Our lives continued without any eventful event or a true test of love of a man to his wife till 1993, Before this year, some 21 years had elapsed since his retirement as superintends of police- He never took any other job, as most people do in our country, as he would often remark that having served for such a long time without any leave or rest, he needed a break. However, he often wondered and would say, tilt that grim day of July, that he did not understand why he was still alive as he had nothing worthwhile left to do. But God had wanted him to look after his wife, who tor all her life had been serving him and the five of us like a most affectionate wife and loving mother. 

On that July day in 1993, she suddenly collapsed due to extreme dehydration. When she was rushed to the hospital, her pulse was barely felt and blood pressure had dropped to the lowest limits. Although, because of a hectic effort on part of a team of doctors, she survived, the doctors were apprehensive of her survival and gave her maximum one year. But for the loving care by my father, she lived on. As a result of her illness, however, she partially lost her memory and became bed ridden. My father was there by her side day and night, attending to all her needs on the bed. He had prepared small photo albums of all of us with our families to keep her busy seeing these all day long, whenever awake. 

She was treated most lovingly by a man whom we always thought had everything but the expression of love. He would remain awake most of the day and night for his wife may need something. The lack of sleep took a telling effect on his physique and from a healthy man, he soon shrunk to a mere skeleton. But his efforts did not wean. He would keep talking to her so that her memory could be revived. They would often talk of the good old days, as our mother could only remember things of the distant past but nothing of the present. Although our mother had no other disease, but continued confinement to bed and ill effects of her earlier illness started having telling effects on her gradually. But the care she had from her husband kept her spirits high. 

Then came 1995 a chain of sad partings hit our family. In 1995, my mother-in-law, a long sufferer of diabetes and heart patient died in February. The next year, my sister-in-law and renowned journalist Razia Bhatti suddenly died of brain hemorrhage. She was a celebrity, having editored tile only quality English language monthly "Herald" for years and later founded and editored an equally quality monthly, the "Newsline". Just months before her sudden death, she had won the Courage in Journalism award by the Washington-based International Women's Media Foundation.

Since my mother had a special liking for her, the news of her demise was kept secret, lest it may also affect her. The same year the eldest sister of my mother; living in America with her husband and three children also expired. The next year on 14 August 1997, when rest of Pakistan was celebrating the Independence Day, my mother was sinking. Since morning, she was finding it difficult to breathe. All day long, my father remained by her side, reciting verses from 'Quran' and about 11:30 pm the 55 years long marriage came ID an end when my mother died in still strong arms of my father.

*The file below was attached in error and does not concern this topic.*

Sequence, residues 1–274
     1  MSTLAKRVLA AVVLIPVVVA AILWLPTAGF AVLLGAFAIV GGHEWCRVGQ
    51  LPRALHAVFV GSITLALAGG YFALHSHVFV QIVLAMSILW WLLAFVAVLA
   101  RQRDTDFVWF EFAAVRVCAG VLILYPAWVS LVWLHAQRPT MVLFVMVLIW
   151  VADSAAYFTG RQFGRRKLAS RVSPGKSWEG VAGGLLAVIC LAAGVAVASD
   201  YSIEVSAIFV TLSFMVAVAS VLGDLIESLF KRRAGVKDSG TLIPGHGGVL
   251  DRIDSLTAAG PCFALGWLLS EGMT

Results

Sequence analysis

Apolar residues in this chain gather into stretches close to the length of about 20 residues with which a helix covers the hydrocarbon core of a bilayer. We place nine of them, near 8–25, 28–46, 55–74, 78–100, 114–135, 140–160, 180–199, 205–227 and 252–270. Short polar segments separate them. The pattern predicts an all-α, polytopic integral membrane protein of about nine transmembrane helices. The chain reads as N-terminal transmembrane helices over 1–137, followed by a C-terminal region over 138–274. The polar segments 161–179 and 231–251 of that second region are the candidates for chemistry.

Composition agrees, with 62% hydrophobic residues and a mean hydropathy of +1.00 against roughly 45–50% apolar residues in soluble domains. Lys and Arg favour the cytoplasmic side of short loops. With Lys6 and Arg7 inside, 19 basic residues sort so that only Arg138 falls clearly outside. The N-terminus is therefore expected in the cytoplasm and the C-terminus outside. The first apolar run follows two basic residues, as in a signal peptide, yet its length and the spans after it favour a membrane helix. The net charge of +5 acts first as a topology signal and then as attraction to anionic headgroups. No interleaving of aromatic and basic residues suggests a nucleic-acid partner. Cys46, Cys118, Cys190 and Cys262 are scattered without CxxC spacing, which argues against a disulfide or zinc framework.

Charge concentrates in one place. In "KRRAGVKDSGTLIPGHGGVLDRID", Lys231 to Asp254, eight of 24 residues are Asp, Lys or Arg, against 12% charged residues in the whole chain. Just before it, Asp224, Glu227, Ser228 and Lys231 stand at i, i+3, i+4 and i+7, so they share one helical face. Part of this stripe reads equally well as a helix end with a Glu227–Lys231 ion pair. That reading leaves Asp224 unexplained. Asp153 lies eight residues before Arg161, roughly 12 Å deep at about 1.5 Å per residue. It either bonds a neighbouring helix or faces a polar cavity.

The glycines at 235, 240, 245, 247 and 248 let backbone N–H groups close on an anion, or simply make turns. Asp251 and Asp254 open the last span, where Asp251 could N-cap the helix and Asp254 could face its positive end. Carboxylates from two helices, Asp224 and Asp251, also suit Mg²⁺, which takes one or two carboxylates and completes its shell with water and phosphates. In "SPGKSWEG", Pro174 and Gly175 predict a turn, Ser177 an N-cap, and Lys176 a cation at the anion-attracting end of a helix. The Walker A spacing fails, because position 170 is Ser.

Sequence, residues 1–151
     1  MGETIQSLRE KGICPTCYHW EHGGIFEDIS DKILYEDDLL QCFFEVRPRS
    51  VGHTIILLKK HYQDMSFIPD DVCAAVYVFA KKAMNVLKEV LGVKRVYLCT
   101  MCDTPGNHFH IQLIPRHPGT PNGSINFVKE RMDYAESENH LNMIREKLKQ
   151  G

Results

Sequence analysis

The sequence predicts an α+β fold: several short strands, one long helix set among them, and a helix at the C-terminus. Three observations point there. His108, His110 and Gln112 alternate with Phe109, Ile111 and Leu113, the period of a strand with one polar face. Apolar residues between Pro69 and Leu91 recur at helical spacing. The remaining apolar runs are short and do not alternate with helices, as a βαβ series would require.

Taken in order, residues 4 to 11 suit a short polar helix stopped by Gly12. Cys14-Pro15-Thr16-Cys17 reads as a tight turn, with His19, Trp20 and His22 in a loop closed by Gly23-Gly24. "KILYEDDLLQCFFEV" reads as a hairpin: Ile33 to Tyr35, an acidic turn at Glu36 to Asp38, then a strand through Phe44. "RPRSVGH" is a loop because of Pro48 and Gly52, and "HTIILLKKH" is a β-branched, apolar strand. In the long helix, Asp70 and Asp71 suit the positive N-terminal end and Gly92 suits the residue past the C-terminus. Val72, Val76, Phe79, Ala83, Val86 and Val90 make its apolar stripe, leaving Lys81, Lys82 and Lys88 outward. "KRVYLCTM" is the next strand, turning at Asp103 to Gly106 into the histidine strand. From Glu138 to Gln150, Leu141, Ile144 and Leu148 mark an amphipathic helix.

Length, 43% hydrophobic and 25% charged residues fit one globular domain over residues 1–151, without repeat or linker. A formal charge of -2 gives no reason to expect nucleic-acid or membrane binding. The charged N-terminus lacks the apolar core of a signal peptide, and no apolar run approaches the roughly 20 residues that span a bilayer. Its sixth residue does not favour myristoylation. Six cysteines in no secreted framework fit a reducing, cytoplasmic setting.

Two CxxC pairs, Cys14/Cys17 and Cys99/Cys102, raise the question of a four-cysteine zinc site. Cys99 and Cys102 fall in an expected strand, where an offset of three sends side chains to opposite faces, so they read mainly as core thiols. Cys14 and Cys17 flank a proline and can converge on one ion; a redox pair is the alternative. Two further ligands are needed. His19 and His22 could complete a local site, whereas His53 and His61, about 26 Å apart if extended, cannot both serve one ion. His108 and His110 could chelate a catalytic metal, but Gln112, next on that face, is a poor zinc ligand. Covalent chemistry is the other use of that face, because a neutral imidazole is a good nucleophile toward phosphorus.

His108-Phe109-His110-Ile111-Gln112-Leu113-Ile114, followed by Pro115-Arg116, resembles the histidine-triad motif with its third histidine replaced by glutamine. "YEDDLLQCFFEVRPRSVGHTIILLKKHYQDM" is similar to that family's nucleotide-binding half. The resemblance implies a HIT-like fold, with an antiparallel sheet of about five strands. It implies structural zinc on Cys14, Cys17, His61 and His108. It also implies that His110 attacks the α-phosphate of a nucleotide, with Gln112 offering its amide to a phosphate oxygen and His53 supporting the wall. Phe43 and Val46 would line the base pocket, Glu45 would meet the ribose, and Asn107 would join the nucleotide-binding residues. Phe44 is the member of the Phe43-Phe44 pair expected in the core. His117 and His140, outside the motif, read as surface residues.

Thereafter, our father became very lonely - suddenly he had nothing else to do. He would then onwards often tell all around that for whatever he had been alive for, had been accomplished and soon it would be his turn. And 10 months after our mother's demise and 10 days after his 84th birthday, he left on June 10. 1998 to join his life companion up in the heavens. While burying him, the last look on his face was so very reassuring as there laid a man with a most peaceful and satisfied face, a blessed man (God willing) for being a man of principles, strong character all along his life and for having looked after his wife no one could have ever dreamed of. 

Now that he is no more, I still keep a quotation under my office table - the one my father had on his years ago: "There is no limit to what a man can do, if he does not care who gets the credit". And he actually worked hard exactly as per the quotation, caring for no reward or appreciation. Although he was decorated with the prestigious President's Police Medal, he never boasted of his achievements and lived for others - never ever caring for his own comfort.

It has been over 20 years since his demise, his memories are still afresh in my memory lane and it feels as if one day he would knock at my door and I would find him there standing with his usual warm and firm handshake. Though it is just a dream, his life has been a beacon for my life and I tried my best to be like him - though I could not emulate him even one percent.

If you like Jaho Jalal, please follow us on Facebook